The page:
LifeNews readers likely have seen his name more than once in the past few years.
Mark Lee Dickson is the director of Right to Life of East Texas and founder of the Sanctuary Cities for the Unborn initiative. In less than three years, he has helped 42 cities in Texas, Ohio and Nebraska to protect unborn babies through enforceable Sanctuary City for the Unborn ordinances that ban abortions within city limits.
Now, state and national news outlets are highlighting Dickson’s work, too. Over the weekend, the Texas Tribune interviewed the Texas pro-life advocate, getting his reaction after the U.S. Supreme Court again refused to block the Texas heartbeat law.
“We had a very important day on Friday,” Dickson said Sunday, speaking to the FountainGate Fellowship in Abilene, according to the report. “… I’m here to tell you — the Texas Heartbeat Act is still in effect. Let’s praise God for that.”
The law, which prohibits abortions once an unborn baby’s heartbeat is detectable, is unusual in that the courts have allowed it to remain in effect.
REACH PRO-LIFE PEOPLE WORLDWIDE! Advertise with LifeNews to reach hundreds of thousands of pro-life readers every week. Contact us today.
Because of Roe v. Wade, states are prohibited from protecting unborn babies from abortion prior to viability, about 22 weeks. However, the Texas law has a unique private enforcement provision, modeled after the Sanctuary City for the Unborn ordinances, and it is because of that provision that the law has been allowed to be enforced thus far.
Dickson was named in one of the lawsuits against the heartbeat law, but the Supreme Court unanimously dismissed the challenge against him Friday, the Tribune reports.
“It’s not every day that all nine justices agree with Mark Lee Dickson,” Dickson responded.
He told the Tribune that the Supreme Court’s overall ruling Friday is an encouraging sign for other cities that want to pass Sanctuary City for the Unborn ordinances.
“Wherever we go, whether that be in Texas or Nebraska or Ohio or Kentucky or Florida … we can go anywhere now and say, look, this enforcement mechanism has survived before the Supreme Court of the United States,” Dickson said. “It’s been tested, and it stands.”
Since he was young, Dickson said he has been involved in pro-life advocacy in Texas. Then, in 2019, he said he felt the need to do more after reports suggested a Louisiana abortion facility near the state border may open a new location in Texas.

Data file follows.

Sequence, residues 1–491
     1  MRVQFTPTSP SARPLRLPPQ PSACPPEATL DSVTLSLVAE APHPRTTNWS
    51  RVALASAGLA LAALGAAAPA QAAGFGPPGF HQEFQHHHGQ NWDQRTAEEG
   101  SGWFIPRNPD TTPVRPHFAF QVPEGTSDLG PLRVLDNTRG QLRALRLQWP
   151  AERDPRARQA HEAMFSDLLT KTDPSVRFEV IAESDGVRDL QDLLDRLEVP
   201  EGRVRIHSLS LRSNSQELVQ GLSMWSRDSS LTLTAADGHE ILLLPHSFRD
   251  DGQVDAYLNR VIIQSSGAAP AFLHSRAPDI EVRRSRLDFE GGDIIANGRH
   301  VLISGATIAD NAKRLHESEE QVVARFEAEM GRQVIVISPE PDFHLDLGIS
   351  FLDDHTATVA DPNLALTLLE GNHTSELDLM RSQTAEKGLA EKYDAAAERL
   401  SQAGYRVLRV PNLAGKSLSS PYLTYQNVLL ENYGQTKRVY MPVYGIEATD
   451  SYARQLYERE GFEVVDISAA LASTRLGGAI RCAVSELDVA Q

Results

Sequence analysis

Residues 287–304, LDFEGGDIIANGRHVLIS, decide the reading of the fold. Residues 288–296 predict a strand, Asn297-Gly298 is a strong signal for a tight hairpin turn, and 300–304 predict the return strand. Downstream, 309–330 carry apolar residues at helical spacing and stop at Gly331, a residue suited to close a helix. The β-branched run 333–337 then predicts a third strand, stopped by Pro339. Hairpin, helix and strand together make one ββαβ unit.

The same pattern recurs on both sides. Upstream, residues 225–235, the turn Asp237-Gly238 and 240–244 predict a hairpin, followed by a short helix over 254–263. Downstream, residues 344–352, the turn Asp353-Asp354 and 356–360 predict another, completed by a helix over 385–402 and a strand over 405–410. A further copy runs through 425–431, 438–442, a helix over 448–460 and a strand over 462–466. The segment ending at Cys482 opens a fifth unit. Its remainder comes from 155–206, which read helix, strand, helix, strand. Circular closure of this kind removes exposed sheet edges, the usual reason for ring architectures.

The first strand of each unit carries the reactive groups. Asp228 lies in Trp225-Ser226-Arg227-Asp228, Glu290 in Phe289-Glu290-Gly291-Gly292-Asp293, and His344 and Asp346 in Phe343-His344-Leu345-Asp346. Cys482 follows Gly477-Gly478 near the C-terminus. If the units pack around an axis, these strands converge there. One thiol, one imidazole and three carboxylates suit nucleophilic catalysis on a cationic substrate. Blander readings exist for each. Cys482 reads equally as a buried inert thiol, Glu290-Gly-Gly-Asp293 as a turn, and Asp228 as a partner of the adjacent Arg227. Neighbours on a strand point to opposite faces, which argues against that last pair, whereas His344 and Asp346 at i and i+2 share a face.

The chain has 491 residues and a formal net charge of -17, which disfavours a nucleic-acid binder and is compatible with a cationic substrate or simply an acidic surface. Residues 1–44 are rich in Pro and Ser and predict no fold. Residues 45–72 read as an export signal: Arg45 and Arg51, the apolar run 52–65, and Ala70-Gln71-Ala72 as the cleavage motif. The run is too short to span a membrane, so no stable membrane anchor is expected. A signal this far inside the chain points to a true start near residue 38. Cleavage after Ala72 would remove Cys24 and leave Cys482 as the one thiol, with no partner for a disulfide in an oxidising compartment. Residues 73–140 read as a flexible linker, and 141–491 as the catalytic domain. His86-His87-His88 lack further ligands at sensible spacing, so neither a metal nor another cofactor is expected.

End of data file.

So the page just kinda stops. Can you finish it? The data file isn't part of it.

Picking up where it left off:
Working with former Texas Solicitor General Jonathan Mitchell, he said he crafted an ordinance to ban abortions for the border town of Waskom, Texas. It passed later that year.
Slowly at first and then gaining momentum, other Texas cities began passing Sanctuary City for the Unborn ordinances, too. Then, cities in other states began expressing interest as well.
To-date, 42 cities in Texas, Nebraska and Ohio have passed the ordinances and others, including Abilene, are trying. Some pro-abortion groups have sued several of the cities, but none of their lawsuits have succeeded.
“Having seen the success, that it worked in cities, and that cities had survived challenges, it gave me greater confidence that the state’s heartbeat law would survive legal challenges as well,” Dickson told the news outlet. “And that’s what we’ve seen.”
The Sanctuary City for the Unborn ordinances are saving lives, too. In the city of Lubbock, the ordinance has stopped Planned Parenthood from aborting unborn babies since June.
Every city’s ordinance is a little different. But basically, each makes it “unlawful for any person to procure or perform an abortion of any type and at any stage of pregnancy” in the city. It also prohibits “any person to knowingly aid or abet an abortion” and treats abortion-inducing drugs as contraband within the city limits.
The ordinance has both public and private enforcement mechanisms. The public enforcement mechanism establishes fines against the abortionist and anyone who helps with an abortion within city limits. However, it cannot be enforced until Roe v. Wade is overturned.
However, the private enforcement mechanism is immediate. It makes abortionists and those who help them “liable in tort to a surviving relative of the aborted unborn child, including the unborn child’s mother, father, grandparents, siblings or half-siblings,” meaning the abortionist can be sued for aborting the unborn child in violation of the ordinance.